Driving into Auckland from the northern reaches of Rodney every day, I unfortunately get to see some of the most appalling driving imaginable. The decision making and lack of skill exhibited is truly frightening, and none more so than tailgaters.
There have been times when I've looked in the rear-vision mirror and can't even see the headlights of the car behind, it's that close.
However, trying to get the driver behind to move back without causing undue havoc or chaos in itself is an art form. Below are a few ideas and tips to encourage the following driver to back off or pass. But before you start getting annoyed with the tailgater, make sure you're not hogging the outside lane doing 70km/h and, if you're on a country lane and want to drive at 50km/h in a 100km/h zone, pull over occasionally to let following traffic pass.
* Touch the brake pedal lightly to bring on the brake lights as a signal to the driver behind you that they are too close to your vehicle. This will usually cause the person behind you to pull back.
* Speed up if you feel that it is safe to do so as long as it's within the speed limit. Sometimes motorists get frustrated about a vehicle travelling far below the speed limit. If it's safe and legal, speed up.
* Move to the inside lane (not the shoulder) and allow faster traffic to pass.
In most places, faster traffic moves in the outer lanes (the "fast lanes") and slower traffic in the inner lanes (the "slow lanes"). Moving to this lane will also give you a chance to pull off on to the shoulder (if one is available) in case you need to pull out of traffic completely.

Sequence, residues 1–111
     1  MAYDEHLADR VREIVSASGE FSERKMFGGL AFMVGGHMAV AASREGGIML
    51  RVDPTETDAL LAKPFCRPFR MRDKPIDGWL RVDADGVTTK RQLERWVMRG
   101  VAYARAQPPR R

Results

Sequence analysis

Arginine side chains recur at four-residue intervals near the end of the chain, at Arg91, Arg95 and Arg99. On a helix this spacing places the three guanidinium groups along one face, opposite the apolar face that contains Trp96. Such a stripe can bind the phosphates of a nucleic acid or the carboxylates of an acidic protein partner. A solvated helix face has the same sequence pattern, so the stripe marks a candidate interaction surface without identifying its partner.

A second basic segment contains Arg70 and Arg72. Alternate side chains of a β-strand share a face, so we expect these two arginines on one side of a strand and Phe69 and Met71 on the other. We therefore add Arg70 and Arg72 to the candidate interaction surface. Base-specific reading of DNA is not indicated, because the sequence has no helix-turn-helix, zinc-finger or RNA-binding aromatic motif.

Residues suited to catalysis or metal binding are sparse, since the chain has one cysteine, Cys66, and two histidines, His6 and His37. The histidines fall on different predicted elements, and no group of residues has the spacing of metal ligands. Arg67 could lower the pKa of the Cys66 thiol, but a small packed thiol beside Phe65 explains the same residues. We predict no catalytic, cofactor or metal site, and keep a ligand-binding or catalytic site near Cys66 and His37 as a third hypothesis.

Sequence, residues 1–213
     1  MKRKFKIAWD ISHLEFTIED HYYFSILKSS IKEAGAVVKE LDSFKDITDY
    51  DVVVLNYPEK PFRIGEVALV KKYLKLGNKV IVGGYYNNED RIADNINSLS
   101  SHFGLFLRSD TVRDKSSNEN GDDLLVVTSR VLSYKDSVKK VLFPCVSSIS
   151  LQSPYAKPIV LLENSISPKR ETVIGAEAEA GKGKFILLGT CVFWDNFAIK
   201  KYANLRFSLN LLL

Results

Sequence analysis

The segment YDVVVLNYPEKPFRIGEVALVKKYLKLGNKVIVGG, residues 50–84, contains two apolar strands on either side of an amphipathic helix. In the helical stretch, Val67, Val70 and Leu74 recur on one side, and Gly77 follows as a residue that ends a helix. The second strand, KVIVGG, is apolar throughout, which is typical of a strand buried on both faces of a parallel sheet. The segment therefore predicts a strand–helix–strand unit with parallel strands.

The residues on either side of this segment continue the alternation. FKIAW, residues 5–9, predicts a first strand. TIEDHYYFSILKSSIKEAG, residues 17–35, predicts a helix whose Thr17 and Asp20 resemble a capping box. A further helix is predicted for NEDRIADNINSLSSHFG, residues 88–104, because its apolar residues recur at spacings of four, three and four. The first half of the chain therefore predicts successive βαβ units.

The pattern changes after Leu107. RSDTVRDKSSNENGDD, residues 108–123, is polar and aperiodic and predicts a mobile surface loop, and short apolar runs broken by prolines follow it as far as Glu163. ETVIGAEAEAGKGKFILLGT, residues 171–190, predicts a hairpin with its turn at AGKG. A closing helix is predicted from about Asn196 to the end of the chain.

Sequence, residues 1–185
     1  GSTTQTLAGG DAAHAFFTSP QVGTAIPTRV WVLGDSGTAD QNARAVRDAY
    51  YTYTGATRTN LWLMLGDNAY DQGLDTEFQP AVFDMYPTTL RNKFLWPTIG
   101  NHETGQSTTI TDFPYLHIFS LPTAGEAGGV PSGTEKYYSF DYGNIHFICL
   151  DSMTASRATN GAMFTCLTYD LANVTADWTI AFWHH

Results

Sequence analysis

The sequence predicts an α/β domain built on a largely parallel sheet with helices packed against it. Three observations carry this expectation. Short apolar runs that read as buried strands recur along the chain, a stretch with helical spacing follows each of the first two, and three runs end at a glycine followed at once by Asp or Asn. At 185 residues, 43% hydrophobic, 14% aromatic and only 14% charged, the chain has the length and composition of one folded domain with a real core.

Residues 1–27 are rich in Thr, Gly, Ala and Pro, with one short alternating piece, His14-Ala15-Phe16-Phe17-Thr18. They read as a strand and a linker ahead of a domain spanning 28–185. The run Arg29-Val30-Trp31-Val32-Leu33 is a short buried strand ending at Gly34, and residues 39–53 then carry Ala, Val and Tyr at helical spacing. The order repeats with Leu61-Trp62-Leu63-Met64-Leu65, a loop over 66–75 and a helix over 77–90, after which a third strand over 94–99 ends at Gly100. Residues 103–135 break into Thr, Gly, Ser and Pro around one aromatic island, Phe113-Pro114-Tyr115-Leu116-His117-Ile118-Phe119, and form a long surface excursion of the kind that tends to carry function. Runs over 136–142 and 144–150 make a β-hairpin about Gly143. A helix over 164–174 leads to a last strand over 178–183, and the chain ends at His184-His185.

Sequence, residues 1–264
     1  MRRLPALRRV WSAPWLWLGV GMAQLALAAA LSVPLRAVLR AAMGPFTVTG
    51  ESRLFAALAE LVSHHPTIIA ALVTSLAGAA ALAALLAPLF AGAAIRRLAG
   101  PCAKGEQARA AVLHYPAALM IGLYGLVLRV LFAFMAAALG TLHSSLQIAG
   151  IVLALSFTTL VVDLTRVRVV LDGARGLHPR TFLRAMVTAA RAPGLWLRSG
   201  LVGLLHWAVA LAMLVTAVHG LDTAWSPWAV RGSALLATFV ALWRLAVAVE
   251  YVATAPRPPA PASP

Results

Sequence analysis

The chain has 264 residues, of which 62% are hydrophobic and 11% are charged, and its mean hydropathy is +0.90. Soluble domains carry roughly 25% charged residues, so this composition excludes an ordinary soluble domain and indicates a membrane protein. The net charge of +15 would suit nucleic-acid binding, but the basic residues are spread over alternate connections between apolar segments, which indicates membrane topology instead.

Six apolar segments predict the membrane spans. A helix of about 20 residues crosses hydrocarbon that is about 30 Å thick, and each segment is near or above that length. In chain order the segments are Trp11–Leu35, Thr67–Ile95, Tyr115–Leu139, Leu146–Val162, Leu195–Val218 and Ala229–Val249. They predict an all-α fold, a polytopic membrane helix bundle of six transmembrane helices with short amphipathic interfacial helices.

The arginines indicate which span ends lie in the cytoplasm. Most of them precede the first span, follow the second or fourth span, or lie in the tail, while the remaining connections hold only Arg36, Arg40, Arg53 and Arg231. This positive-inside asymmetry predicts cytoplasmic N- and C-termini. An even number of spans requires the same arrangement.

* Find alternate routes. If you notice that the route you take to get wherever you're going is a constant source of tailgating or other road rage, it might be safer to find another way to go, not to mention much less stressful.
* If you are on a two-lane road where passing is permissible and you're already going as fast as you are comfortable going, slow down and encourage the tailgater to pass. Waving someone forward is generally considered acceptable on country roads.
* If someone is really tailgating you and you feel unsafe, take the first left turn you can. Resume your route when the impatient motorist has passed.
* Avoid using highways, interstates, or other high-speed thoroughfares for short trips. Tailgating often happens on roads with high speed limits.
* Avoid driving during rush hours, typically 6am to 9am (morning rush), 11am to 2pm (lunch rush), and 4pm to 7pm (evening rush). Rush hours typically happen during the weekdays. While this may not leave a lot of room for daily business, particularly if you stay at home during the day, these are times when motorists are on the roads and not at their best.
* Always drive defensively. Remember, your safety depends mostly on your actions and not the actions of other motorists.
There are some safety concerns when trying to do the right thing in either discouraging someone from tailgating or letting them pass.
Be aware that if you do wave someone past, there is not a side road or driveway where another car may be pulling out where you might cause the passing driver to have an accident. You may be liable for any accidents.
It is not recommended to slow down while someone is passing you. If another car suddenly approaches, the other driver needs to make his/her own decision. Don't complicate things by slowing down, because they may also decide to slow down and fall back behind you.
Do not make the situation worse by offending the other driver. Shouting or rude hand gestures will probably make the other driver more irate.
If you pull off the road and the tailgater does the same, pull back on the road and find a populated area (like a shopping centre or garage) to pull off at. People have been robbed because they were hit by a tailgater and pulled off in the middle of nowhere.
Do not spray windshield wiper fluid. The wind will blow it behind you and on to the tailgater's window. This tends to annoy the tailgater.